µg/L = micrograms per litre
ppm = parts per million
μg/g = micrograms per gram

Canadian agencies/organizations

Agency Designation/Position Year
Health and Environment Canada NDSL* 2009[31]
*The Non-Domestic Substances List is an inventory of substances included in the EPA’s Toxic Substances Control Act (TSCA), but not on Canada’s DSL. The substances are accepted for international use, but requirements for information are less than those on the DSL.[32]

MCPA was not included in other Canadian government guidelines, standards, or chemical listings reviewed.

Main Uses

MCPA is a herbicide used to selectively control broadleaf weeds in agriculture and to act as a defoliant.[33] Its formulations can occur as the free acid or as salts and esters, but all release the acid as the active ingredient.[5]

MCPA is primarily used in agriculture and is often mixed with other chlorophenoxy herbicides (e.g. 2,4-D or MCPP) to increase its effectiveness.[2,34] It is used on a number of different crops, including barley, oats, rye, wheat, flax, canary seeds, legumes and grasses, asparagus, field corn, and sweet corn.[35] MCPA was produced extensively during the 1950s but production and use are now decreasing in many countries.[1]

Canadian Production and Trade

MCPA production ceased in Canada when Uniroyal Chemicals in Edmonton and Dow Chemical in Fort Saskatchewan, Alberta closed their plants in the 1980s.[34] During their operation these companies provided Western Canada, the largest national market, with phenoxy herbicides. Production stopped primarily because of market conditions.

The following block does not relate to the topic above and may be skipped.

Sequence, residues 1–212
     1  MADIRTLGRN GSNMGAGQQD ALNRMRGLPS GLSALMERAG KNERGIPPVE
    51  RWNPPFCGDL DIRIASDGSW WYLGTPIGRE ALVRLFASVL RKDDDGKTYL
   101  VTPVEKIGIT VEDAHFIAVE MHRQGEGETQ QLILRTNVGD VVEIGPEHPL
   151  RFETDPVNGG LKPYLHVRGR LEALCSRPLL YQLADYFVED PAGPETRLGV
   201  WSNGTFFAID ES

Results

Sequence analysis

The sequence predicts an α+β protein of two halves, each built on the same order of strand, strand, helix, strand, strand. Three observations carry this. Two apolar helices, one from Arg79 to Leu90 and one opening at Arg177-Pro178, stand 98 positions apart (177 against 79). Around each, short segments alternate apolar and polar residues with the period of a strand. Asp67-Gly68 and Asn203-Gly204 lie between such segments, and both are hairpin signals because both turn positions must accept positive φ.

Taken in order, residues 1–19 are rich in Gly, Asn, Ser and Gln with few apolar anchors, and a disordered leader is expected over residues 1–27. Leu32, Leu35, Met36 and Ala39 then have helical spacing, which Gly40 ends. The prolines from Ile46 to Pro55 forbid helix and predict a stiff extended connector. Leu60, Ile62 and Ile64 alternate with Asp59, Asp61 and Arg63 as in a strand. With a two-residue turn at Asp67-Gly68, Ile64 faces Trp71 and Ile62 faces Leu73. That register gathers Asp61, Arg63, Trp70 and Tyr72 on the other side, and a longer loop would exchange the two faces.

Although Canada engages in international trade of herbicides, MCPA was not listed in TradeMap for trade commerce for Canada.[36] Since November 2006, the PMRA has tracked and reported sales information on Canadian pesticides. PMRA records show that more than over 1 million kg of MCPA active ingredients were sold in Canada each year since 2006.[37]

Environmental Exposures Overview

The general Canadian population may be exposed to MCPA through contaminated drinking water, air, and food.[10] MCPA has been detected in Canadian lakes, rivers, and drinking water sources.[10] It enters bodies of water via aerial or ground spraying, deposition from rain, and soil erosion by wind, runoff, or leaching. Other sources of MCPA are accidental spills, equipment washing operations, and intentional dumping of tank residue. Although more research is needed on MCPA exposure via drinking water, the limited Canadian data available suggests that concentrations are very low.[10]

MCPA is not persistent in water or soil. The speed that MCPA breaks down in the environment depends on sunlight, soil composition, pH, moisture, the presence of organic matter, and the concentration of MCPA.[10] MCPA can be introduced to the atmosphere through application drift, evaporation, sublimation, or erosion of treated soil. MCPA can be redistributed through wind or degraded and returned to the soil by the rain.[10]

Release of MCPA is not reportable to the National Pollutant Release Inventory (NPRI).[38] A search in the Household Products Database in 2010 returned five consumer products containing MCPA, all weed killers.[39]

A summary of environmental concentration data is available here [PDF].

Occupational Exposures Overview

Inhalation and dermal absorption are the most important routes of occupational exposure to MCPA.[3]

Occupational exposure can occur during production, formulation, application, and disposal of MCPA.[5] High level exposures in the workplace can occur as a result of accidents, such as spills.[5] Particular tasks where exposure to MCPA may occur include ground spraying and manual application of herbicides containing MCPA, as well as handling raw materials, intermediates, and finished products during pesticide manufacture. Waste processing is another task where exposure to MCPA may take place.[1]